One-step selective electrokinetic removal of inorganic anions from small volumes and its application as sample clean-up for mass spectrometric techniques
Tubaon, RM and Haddad, PR and Quirino, JP, One-step selective electrokinetic removal of inorganic anions from small volumes and its application as sample clean-up for mass spectrometric techniques, Journal of Chromatography A, 1488 pp. 134-139. ISSN 0021-9673 (2017) [Refereed Article]
The presence of inorganic anions in a sample interferes with mass spectrometric (MS) analysis. Here, a simple method to remove these ions from a liquid sample in one-step is described. The inorganic anions present in a 50 μL sample were extracted into a low pH solution inside a 200 μm i.d. × 33 cm long capillary by the use of an electric field. The selective removal of unwanted anions and retention of target analytes was accomplished by control of the apparent electrophoretic velocities of anions and analytes at a boundary that separated the sample and extraction solution. No physical barrier (e.g., membrane) was required and with the boundary situated at the tip of the capillary, efficient removal of inorganic anions (e.g., >80% removal) and good recovery of target analytes (e.g., >80% recovery) were achieved. The time required for removal of the inorganic anions was found to depend on their initial concentrations. The removal process was investigated using different concentrations of bromide and nitrate (as potassium salts) and negatively chargeable drugs as target analytes. This micro-sample clean-up technique used no organic solvents and little consumables and was studied to the determination of 0.6 μg/L arsenic and 8.3 μg/L vanadium in 500 mg/L sodium chloride using inductively coupled plasma MS and 50 μM angiotensin I in 1000 mg/L sodium chloride using electrospray ionisation MS. Micro-sample clean-up was performed for 45 min at 3 kV in both demonstrations. The calculated recoveries for the metals at trace levels were 110–130%, and for the peptide was 103.8%.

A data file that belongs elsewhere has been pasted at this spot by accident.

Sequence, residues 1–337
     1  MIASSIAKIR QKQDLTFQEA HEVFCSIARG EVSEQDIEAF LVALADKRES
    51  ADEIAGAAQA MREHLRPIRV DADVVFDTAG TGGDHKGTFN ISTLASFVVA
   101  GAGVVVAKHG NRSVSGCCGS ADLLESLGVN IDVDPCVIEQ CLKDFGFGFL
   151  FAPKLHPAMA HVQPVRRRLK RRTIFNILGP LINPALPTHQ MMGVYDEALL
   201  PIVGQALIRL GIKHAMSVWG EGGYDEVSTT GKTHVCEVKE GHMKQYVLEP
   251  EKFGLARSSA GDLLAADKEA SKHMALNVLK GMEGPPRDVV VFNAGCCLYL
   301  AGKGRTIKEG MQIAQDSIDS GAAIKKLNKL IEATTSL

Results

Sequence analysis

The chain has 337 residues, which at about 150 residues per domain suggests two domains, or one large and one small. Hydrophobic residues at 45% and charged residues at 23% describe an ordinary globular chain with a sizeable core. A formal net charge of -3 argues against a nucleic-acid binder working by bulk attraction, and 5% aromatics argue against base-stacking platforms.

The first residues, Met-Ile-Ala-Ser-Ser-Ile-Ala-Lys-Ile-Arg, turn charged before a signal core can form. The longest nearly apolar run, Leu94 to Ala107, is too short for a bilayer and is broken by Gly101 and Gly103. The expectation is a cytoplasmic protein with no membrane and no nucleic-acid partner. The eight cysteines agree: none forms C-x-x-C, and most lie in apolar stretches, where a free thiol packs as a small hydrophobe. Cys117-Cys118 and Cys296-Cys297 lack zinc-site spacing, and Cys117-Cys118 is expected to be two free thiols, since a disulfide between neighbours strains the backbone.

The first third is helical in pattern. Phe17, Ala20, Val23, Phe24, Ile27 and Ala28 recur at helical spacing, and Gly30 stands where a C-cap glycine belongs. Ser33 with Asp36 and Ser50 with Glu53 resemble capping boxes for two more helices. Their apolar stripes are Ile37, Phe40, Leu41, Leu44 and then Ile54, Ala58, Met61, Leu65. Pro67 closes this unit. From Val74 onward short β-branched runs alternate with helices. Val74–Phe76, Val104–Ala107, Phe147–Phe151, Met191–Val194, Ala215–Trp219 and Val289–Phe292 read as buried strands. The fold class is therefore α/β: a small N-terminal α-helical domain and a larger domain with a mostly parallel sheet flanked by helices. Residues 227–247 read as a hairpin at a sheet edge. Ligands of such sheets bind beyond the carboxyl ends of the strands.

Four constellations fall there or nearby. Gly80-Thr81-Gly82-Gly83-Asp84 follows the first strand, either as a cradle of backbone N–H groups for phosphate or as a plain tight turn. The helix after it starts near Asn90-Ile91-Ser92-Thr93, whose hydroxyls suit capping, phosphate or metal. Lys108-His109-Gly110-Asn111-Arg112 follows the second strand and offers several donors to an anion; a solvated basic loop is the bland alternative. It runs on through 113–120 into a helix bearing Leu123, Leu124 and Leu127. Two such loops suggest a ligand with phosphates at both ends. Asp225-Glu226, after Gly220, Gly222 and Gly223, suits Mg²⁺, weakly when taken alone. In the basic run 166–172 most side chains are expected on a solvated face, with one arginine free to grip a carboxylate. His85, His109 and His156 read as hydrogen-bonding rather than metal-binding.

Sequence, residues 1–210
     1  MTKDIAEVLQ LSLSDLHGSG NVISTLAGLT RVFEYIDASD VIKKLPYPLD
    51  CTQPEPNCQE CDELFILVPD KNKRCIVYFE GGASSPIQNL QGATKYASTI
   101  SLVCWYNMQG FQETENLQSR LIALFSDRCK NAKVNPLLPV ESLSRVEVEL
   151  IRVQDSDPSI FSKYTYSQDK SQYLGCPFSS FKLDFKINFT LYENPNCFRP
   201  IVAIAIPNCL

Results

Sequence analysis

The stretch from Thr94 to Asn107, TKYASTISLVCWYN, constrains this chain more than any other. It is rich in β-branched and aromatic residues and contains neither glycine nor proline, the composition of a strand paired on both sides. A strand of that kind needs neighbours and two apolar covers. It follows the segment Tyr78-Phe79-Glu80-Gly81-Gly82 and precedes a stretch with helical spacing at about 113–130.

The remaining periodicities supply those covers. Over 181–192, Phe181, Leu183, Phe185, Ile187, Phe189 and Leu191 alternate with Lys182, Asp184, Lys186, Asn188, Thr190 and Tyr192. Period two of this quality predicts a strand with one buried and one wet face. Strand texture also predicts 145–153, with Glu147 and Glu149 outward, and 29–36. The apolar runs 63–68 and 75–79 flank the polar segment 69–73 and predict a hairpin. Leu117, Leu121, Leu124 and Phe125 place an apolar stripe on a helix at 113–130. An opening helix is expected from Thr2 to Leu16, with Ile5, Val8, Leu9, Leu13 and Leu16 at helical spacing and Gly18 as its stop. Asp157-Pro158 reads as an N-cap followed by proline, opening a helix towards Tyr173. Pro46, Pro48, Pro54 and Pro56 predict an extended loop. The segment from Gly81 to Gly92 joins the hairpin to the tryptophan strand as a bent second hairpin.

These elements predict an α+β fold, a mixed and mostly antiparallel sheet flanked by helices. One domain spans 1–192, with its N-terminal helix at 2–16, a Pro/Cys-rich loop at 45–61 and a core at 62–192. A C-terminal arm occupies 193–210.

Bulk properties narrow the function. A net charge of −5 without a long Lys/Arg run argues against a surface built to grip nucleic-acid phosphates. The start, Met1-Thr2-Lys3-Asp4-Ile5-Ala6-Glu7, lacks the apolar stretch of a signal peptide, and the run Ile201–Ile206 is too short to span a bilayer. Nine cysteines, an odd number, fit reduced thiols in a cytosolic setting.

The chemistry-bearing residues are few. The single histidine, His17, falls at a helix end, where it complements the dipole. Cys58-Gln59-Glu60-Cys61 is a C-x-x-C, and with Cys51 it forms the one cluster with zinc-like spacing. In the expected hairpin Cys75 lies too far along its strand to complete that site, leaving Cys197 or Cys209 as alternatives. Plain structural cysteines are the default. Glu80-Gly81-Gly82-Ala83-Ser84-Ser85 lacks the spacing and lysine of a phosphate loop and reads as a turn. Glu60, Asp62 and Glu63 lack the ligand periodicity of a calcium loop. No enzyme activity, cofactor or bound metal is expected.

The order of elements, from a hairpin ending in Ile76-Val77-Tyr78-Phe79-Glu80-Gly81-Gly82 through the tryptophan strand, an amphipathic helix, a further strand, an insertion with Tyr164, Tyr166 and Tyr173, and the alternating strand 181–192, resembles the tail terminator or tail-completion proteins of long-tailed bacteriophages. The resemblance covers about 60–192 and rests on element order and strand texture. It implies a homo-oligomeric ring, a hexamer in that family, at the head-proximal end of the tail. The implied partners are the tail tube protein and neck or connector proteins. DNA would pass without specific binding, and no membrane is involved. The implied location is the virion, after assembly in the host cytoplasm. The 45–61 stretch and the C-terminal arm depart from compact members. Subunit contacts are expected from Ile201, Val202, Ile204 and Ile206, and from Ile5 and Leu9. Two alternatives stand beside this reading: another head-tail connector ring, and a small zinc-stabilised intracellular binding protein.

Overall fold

analysis, sample clean-up, inorganic anions, mass spectrometry, electrophoresisa